'Frightening nightmare': Egyptian death-row journalist breaks her silence

'Frightening nightmare': Egyptian death-row journalist breaks her silence
Asmaa al-Khatib – one of six Egyptian journalists sentenced to death as part of the Qatar espionage case – speaks to The New Arab about the verdict.
3 min read
09 May, 2016
The Press Syndicate accused the regime of being 'at war' with journalists [AFP]

Asmaa Mohamed al-Khatib is an Egyptian journalist with the pro-Muslim Brotherhood Rassd news outlet, has been sentenced to death in absentia by a Cairo court.

She was given the ruling along with five other journalists, three of whom – including Khatib – were alleged to have spied for Qatar and relayed "secret material" to Doha.

Khatib was in Turkey when the death sentence was passed. 

She only discovered she was of those courts recommended to be executed after she heard former Interior Minister Mohammed Ibrahim speaking on television about a supposed spy cell working for Qatar.

"I was completely shocked," she told The New Arab.

Fear and black humour

Khatib's first reaction was a mixture of confusion and sarcasm, as she considered the verdict "worthless".

It will only deprive her of Cairo's street food, which she used to enjoy during her work as a journalist, she said.

"I do not acknowledge the legitimacy of this regime or its judiciary, and I know it will fall sooner or later," she said. "But I cannot deny my shock at the verdict.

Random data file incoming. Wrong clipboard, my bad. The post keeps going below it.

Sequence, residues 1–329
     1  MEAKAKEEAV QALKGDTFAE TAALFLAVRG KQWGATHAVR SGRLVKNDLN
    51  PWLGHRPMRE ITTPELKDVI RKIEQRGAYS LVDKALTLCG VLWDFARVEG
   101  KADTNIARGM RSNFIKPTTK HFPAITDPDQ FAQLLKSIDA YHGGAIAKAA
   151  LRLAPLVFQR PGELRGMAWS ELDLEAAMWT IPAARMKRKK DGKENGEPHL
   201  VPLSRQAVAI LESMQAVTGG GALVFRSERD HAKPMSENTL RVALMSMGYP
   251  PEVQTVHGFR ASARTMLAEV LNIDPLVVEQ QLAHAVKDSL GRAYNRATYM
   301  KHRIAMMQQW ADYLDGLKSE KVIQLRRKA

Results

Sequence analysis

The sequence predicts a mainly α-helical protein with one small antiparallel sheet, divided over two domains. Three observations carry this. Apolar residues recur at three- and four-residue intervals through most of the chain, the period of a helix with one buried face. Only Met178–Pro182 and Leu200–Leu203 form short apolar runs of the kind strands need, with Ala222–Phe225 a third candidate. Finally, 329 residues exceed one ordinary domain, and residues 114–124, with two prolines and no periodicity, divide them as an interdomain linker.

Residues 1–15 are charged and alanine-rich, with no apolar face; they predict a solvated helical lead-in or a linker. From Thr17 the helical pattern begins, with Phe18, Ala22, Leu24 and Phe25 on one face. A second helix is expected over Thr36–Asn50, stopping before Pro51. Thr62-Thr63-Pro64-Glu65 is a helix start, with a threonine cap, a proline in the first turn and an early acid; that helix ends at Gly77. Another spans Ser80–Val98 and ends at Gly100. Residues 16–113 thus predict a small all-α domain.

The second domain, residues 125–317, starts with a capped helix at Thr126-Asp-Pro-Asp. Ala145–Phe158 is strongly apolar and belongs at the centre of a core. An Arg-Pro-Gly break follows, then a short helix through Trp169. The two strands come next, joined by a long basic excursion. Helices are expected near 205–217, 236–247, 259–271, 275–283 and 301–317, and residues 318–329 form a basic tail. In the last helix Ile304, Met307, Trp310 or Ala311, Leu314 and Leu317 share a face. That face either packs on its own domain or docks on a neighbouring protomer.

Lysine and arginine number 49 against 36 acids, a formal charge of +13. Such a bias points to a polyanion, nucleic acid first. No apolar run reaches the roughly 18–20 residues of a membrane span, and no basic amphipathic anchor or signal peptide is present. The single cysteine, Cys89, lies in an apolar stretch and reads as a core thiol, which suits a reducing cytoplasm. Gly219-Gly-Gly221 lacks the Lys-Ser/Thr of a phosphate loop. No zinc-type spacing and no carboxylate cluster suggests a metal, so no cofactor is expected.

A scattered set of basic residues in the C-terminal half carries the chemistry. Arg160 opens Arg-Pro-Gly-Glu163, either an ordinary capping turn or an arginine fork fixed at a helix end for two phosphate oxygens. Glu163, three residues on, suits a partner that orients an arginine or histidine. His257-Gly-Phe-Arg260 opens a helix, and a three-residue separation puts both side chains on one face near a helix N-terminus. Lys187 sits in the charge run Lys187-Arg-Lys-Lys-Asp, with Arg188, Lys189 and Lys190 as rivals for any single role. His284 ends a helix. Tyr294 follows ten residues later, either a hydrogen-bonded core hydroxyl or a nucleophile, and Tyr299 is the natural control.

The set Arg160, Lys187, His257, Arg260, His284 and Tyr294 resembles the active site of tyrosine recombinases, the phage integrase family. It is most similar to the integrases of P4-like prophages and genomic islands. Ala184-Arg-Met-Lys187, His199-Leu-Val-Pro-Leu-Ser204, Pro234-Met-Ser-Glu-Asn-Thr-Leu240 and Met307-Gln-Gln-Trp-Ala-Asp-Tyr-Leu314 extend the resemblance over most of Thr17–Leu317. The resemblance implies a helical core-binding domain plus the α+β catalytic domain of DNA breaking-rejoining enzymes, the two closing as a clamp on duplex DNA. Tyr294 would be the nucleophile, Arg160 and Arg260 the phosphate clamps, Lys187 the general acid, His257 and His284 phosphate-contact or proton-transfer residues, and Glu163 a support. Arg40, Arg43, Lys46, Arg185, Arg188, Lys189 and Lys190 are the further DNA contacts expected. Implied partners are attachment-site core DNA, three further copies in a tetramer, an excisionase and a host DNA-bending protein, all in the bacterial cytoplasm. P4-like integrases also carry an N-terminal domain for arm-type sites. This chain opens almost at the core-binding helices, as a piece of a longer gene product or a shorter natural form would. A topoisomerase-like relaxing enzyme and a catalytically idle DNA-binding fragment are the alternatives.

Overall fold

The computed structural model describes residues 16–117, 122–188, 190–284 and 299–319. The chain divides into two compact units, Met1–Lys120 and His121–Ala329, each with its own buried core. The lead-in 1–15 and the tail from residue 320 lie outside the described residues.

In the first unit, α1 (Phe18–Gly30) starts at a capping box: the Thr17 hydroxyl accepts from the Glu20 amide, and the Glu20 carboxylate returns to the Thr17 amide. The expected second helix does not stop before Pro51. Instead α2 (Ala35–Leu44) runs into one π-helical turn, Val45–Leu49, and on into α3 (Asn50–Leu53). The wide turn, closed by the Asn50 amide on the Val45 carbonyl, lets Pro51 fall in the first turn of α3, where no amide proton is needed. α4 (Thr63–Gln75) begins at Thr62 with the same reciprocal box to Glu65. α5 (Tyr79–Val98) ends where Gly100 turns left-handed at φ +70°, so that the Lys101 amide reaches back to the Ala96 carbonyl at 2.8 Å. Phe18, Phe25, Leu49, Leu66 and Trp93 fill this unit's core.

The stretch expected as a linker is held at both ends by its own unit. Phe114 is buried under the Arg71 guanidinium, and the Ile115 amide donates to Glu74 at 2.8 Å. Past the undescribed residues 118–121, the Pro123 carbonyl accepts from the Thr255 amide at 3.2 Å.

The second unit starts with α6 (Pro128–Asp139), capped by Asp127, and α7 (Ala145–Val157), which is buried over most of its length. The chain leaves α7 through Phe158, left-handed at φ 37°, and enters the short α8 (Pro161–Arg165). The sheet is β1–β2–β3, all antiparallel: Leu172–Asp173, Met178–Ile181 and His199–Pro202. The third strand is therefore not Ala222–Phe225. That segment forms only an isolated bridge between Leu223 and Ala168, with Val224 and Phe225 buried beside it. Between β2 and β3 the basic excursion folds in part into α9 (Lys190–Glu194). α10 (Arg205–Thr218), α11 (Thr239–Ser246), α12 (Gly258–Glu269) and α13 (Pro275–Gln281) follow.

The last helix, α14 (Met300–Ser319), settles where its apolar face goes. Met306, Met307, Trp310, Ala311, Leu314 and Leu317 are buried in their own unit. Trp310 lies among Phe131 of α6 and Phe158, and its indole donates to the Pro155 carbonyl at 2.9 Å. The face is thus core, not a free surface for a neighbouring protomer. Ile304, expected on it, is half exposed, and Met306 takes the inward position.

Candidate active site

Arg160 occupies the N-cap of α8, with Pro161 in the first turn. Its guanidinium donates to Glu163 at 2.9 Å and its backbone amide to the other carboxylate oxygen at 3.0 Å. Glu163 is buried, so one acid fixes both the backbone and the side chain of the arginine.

Journalism has become a crime in Egypt, faced with all kinds of terror

The Egyptian court recommended death sentences for six people accused of espionage alongside ousted President Mohamed Morsi.

Two from the group – named as Ibrahim Mohamed Hilal and Alaa Omar Mohamed Sablan – have been identified as Al Jazeera staffers. They were tried in absentia.

"I did not expect the judiciary's blatant injustice against journalists and opponents would go that far."

She believes the case was not based on any legal or logical grounds, and she has no idea why her name has emerged in the Qatar espionage case.

"Journalism has become a crime in Egypt, faced with all kinds of terror," she said. She describes herself as living in a "frightening nightmare".

The 25-year-old currently lives in Turkey with her husband and six-month-old son.

"I do not think of returning to Egypt," she said. "I want to raise my son in peace without fears of prison or murder or intimidation by a tyrant regime."

Escalating crackdown

The verdict came amid escalating tensions between journalists and a regime which has grown intolerant of all criticism.

Hundreds of journalists have joined protests and sit-ins at the Press Syndicate to demand the release of imprisoned colleagues and even calling for the sacking of the interior minister.

Last week, the syndicate denounced what it called a decline in press freedoms and accused the regime of being "at war" with the profession after two reporters were arrested.

Human rights activists accuse President Abdel Fattah al-Sisi of running an ultra-authoritarian regime that has violently suppressed all opposition since toppling Morsi in 2013.

Journalists have also been targeted in the crackdown.

While dozens of writers and reporters have been detained, three Al Jazeera English journalists – Peter Greste, Baher Mohamed and Mohamed Fahmy – were held in prison for more than a year, accused of supporting the Muslim Brotherhood.

Mohamed and Fahmy were eventually pardoned, and Greste deported, but the fear among journalists of reporting critically about the regime continues.